On Sunday June 13th, Mike Pinkham–the Gouldsboro shellfish warden–a group of harvesters, and I went out to the mudflats to do some conservation work. This week’s activity was collecting and removing green crabs from a local clamming area, John Small Cove. This activity was part of the harvester’s required conservation time, and I went along to see what some of this work entails and to get to know the local community a little better. In order to be eligible for a clamming license in Gouldsboro, harvesters are required to do at least 10 hours of conservation work. Some of this is done in co-management meetings, such as attending the shellfish committee meetings, but much of it is done out on the flats in events like these. Other activities include (list of activities).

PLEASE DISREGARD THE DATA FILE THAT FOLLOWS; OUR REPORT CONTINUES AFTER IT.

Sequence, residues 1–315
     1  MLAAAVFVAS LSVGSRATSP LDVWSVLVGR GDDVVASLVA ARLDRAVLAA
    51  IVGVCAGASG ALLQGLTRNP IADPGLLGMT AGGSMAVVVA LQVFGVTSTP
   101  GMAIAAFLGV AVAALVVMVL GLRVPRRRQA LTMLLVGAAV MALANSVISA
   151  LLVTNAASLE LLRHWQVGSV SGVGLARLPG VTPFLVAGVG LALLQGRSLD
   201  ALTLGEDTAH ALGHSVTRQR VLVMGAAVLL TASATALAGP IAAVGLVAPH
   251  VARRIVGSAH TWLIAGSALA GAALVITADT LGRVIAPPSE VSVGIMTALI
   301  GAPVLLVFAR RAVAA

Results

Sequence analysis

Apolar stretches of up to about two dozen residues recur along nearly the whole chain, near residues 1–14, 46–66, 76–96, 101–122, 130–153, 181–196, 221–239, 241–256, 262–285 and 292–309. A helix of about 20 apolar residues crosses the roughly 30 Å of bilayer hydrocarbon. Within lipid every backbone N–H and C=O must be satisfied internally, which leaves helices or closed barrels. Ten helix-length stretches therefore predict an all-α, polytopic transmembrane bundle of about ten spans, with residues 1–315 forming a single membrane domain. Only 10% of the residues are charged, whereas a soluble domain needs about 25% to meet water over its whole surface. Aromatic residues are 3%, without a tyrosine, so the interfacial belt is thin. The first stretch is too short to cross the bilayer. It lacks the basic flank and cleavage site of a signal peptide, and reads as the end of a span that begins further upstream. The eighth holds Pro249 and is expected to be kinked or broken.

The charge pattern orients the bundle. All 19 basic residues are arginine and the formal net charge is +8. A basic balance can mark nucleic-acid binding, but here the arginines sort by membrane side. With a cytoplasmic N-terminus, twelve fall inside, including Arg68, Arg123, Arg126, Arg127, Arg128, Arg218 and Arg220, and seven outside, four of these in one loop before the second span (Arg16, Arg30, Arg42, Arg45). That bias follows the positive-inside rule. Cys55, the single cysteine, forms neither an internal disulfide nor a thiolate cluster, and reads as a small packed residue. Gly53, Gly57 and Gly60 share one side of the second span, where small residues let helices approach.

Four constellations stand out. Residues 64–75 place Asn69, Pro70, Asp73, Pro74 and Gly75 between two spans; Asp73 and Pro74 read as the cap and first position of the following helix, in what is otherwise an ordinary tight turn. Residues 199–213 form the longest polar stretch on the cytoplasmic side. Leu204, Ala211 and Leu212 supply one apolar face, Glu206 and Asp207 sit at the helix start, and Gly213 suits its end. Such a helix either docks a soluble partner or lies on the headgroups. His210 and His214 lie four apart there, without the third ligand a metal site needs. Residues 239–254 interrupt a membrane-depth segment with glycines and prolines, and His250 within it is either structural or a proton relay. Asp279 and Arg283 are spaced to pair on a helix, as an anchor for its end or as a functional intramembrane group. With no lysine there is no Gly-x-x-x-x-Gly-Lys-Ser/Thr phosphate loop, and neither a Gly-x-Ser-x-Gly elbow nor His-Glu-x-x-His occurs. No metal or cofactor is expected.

It was a beautiful morning with the morning sun glistening on the ocean and lighting up the surrounding woods. The flat was thick with clam’s siphon holes, which is good news for that flat. We found over 100 green crabs within the hour and a half that we were there, but Mike and the harvesters were disappointed that we hadn’t been able to find more. Throughout the morning they were wondering why the density was “so low” in the cove. This really drove home for me how numerous these crabs really are in this area. On some beaches, it is challenging to lift a rock or move a handful of rockweed without finding a crab.
Shellfish Resilience Intern, Schoodic Institute